Consciousness, the Brain, and Behavior
233
States of Consciousness
The term
consciousness
includes two distinct concepts:
states
of consciousness
and
conscious experiences.
The fi rst con-
cept refers to whether a person is awake, asleep, drowsy, and
so on. The second refers to experiences a person is aware of—
thoughts, feelings, perceptions, ideas, dreams, reasoning—
during any of the states of consciousness.
A person’s state of consciousness is defi ned in two ways:
(1) by behavior, covering the spectrum from maximum atten-
tiveness to coma, and (2) by the pattern of brain activity that
can be recorded electrically. This record, known as the
elec-
troencephalogram (EEG),
portrays the electrical potential
difference between different points on the surface of the scalp.
The EEG is such an important tool in identifying the different
states of consciousness that we begin with it.
Electroencephalogram
Neural activity is manifested by the electrical signals known as
graded potentials and action potentials (Chapter 6). It is possi-
ble to record the electrical activity in the brain’s neurons, par-
ticularly those in the cortex near the surface of the brain, from
the outside of the head. Electrodes, which are wires attached
to the head by a salty paste that conducts electricity, pick up
electrical signals generated in the brain and transmit them to
a machine that records them as the EEG.
While we often think of electrical activity in neurons
in terms of action potentials, action potentials do not usu-
ally contribute directly to the EEG. Rather, EEG patterns are
largely due to graded potentials, in this case summed postsyn-
aptic potentials (Chapter 6) in the many hundreds of thou-
sands of brain neurons that underlie the recording electrodes.
The majority of the electrical signal recorded in the EEG orig-
inates in the pyramidal cells of the cortex. The processes of
these large cells lie perpendicular to the brain’s surface, and
the EEG records postsynaptic potentials in their dendrites.
EEG patterns are complex waveforms with large varia-
tions in both amplitude and frequency (
Figure 8–1
). (The
properties of a wave are summarized in Figure 7–21.) The
wave’s amplitude, measured in microvolts (μV), indicates how
much electrical activity of a similar type is going on beneath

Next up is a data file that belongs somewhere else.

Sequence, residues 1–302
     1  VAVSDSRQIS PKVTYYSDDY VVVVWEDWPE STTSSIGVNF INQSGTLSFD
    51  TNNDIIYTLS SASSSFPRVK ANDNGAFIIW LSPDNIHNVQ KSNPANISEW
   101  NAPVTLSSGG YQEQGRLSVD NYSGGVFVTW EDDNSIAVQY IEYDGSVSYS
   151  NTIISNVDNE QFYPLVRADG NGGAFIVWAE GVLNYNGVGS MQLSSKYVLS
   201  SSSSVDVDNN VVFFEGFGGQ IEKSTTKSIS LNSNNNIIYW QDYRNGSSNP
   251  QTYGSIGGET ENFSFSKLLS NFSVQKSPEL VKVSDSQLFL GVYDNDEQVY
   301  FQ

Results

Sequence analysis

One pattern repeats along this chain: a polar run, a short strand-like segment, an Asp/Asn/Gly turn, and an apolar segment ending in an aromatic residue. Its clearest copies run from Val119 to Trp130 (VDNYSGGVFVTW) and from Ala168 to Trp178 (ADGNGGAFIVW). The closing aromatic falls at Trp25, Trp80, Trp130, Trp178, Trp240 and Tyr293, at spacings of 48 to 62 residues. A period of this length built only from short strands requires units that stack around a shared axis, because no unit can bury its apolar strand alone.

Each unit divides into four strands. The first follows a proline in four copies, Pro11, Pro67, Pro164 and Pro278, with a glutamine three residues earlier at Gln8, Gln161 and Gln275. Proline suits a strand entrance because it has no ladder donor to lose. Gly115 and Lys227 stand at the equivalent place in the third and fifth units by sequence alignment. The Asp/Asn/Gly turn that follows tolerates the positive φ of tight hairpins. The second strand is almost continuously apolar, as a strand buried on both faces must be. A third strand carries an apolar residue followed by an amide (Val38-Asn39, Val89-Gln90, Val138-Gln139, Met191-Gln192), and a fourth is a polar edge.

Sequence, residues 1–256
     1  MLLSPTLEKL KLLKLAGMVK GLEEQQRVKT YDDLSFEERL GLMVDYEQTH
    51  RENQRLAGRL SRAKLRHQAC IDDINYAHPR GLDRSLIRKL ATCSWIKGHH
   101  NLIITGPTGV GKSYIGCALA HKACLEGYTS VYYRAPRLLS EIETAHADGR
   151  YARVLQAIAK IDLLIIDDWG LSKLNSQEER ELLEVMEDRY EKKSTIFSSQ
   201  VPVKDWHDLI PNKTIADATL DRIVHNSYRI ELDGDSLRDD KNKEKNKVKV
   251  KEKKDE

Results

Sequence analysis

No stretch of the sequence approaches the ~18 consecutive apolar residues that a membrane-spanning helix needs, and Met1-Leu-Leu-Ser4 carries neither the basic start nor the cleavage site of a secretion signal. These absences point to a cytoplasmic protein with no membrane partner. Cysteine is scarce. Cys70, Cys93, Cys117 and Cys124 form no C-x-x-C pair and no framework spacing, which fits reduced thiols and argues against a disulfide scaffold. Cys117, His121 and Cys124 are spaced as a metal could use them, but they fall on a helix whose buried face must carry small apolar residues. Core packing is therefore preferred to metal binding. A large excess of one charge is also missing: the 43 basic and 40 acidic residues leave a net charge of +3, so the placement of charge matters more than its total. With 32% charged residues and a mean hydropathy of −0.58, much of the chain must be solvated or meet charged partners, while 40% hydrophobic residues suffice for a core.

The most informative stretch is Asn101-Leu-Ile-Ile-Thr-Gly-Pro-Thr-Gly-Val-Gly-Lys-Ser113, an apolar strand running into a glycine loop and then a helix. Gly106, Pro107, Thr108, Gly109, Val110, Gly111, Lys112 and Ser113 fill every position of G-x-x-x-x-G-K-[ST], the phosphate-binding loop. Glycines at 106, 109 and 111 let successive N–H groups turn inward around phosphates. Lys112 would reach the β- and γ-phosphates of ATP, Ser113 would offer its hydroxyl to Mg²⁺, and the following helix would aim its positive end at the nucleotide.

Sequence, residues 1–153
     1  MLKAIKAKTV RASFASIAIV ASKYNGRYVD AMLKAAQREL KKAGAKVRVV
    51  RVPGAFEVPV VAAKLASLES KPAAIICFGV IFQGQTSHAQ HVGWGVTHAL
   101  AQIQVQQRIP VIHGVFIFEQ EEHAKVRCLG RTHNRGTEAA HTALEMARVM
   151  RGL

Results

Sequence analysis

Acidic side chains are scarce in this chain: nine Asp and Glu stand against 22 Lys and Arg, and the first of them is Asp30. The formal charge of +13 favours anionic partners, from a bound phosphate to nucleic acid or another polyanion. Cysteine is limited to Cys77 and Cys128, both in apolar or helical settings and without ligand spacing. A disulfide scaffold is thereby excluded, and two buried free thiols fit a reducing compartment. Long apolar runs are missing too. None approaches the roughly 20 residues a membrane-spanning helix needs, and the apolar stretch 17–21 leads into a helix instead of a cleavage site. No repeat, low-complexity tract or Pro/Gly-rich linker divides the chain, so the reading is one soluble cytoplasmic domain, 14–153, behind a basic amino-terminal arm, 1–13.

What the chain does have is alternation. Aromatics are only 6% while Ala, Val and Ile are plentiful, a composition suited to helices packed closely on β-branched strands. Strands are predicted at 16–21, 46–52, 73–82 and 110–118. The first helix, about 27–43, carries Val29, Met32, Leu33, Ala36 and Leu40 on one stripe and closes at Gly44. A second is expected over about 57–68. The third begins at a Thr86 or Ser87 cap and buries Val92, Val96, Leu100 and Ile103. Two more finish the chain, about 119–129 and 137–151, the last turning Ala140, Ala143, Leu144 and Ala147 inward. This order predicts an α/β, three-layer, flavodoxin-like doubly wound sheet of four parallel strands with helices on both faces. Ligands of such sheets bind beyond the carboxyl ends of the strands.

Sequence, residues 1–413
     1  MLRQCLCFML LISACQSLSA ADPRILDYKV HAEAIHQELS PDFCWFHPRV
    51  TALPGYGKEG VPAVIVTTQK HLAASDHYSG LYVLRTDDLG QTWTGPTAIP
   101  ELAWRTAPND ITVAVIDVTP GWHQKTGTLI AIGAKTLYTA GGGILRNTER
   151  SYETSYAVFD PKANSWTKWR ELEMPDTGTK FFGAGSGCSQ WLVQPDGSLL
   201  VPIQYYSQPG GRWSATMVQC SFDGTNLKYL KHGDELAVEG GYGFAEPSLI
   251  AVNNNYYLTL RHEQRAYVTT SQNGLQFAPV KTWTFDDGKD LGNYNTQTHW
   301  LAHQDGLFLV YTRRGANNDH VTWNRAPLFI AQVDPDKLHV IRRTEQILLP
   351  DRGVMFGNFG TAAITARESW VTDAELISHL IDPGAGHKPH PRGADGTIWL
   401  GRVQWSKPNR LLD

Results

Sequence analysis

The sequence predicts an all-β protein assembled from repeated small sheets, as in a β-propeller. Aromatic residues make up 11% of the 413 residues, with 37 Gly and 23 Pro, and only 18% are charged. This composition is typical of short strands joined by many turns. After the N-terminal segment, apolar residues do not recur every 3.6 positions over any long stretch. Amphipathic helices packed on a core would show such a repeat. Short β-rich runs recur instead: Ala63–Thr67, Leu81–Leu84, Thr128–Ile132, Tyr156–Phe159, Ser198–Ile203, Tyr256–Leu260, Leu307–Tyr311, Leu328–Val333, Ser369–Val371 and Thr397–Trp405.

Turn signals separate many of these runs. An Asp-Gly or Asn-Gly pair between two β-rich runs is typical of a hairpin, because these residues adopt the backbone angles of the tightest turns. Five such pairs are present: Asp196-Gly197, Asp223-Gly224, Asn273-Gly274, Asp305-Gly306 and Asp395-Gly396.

the recording electrodes at any given time. A high amplitude
indicates that many neurons are being activated simultaneously.
In other words, it indicates the degree of synchronous fi ring of
whichever neurons are generating the synaptic activity. On the
other hand, a low amplitude indicates that these neurons are
less activated or are fi ring asynchronously. The amplitude may
range from 0.5 to 100 μV. Note that EEG amplitudes are about
1000 times smaller than the amplitude of an action potential
The wave’s frequency indicates how often the wave cycles
from its maximal amplitude to its minimal amplitude and
back. The frequency is measured in hertz (Hz, or cycles per
second) and may vary from 1 to 40 Hz or higher. Four dis-
tinct frequency ranges are characteristic of EEG patterns. In
general, lower EEG frequencies indicate less responsive states,
such as sleep, whereas higher frequencies indicate increased
alertness. As we will see, one stage of sleep is an exception to
this general relationship.
The cause of the wavelike nature, or rhythmicity, of the
EEG is not certain, nor is it known exactly where in the brain
it originates. Current thinking is that clusters of neurons in the
thalamus play a critical role; they provide a fl uctuating output
through nerve fi bers leading from the thalamus to the cortex.
This output, in turn, causes a rhythmic pattern of synaptic
activity in the pyramidal neurons of the cortex. As noted previ-
ously, the cortical synaptic activity—not the activity of the deep
thalamic structures—comprises most of a recorded EEG signal.
The synchronicity of the cortical synaptic activity (in
other words, the amplitude of the EEG) does refl ect the
degree of synchronous fi
ring of the thalamic neuronal clus-
ters that are generating the EEG. These clusters receive input
from other brain areas involved in controlling the conscious
state. The purpose these oscillations serve in brain electrical
activity is unknown. Theories range from the “idling hypoth-
esis,” which says that it is easier to get brain activity up and
running from an “idle” as opposed to a “cold start,” to the
“epiphenomenon hypothesis,” which says that the oscillations
are simply the by-product of neuronal activity and have no
functional signifi cance at all.
The EEG is a useful clinical tool because wave pat-
terns are abnormal over diseased or damaged brain areas (e.g.,
because of tumors, blood clots, hemorrhage, regions of dead
tissue, and high or low blood sugar). Moreover, a shift from a
less synchronized pattern of electrical activity (low-amplitude
EEG) to a highly synchronized pattern can be a prelude to the
electrical storm that signifi es an epileptic seizure.
Epilepsy
is a
common (occurs in about 1 percent of the population) neuro-
logical disease that appears in mild, intermediate, and severe
forms. It is associated with abnormal synchronized discharges
of cerebral neurons. These discharges are refl ected in the EEG
as recurrent waves having distinctive high amplitudes (up to
1000 μV) and individual spikes or combinations of spikes and
waves (
Figure 8–2
). Epilepsy is also associated with stereotyped
Figure 8–1
EEG patterns are wavelike. This represents a typical EEG recorded
from the parietal or occipital lobe of an awake, relaxed person over
approximately four seconds. EEG wave amplitudes are generally
20–100 μV, with a duration of about 50 msec.
Time
Onset of seizure
Wave
Spike
Time
Figure 8–2
Spike-and-wave pattern in the EEG of a patient during an epileptic
seizure.
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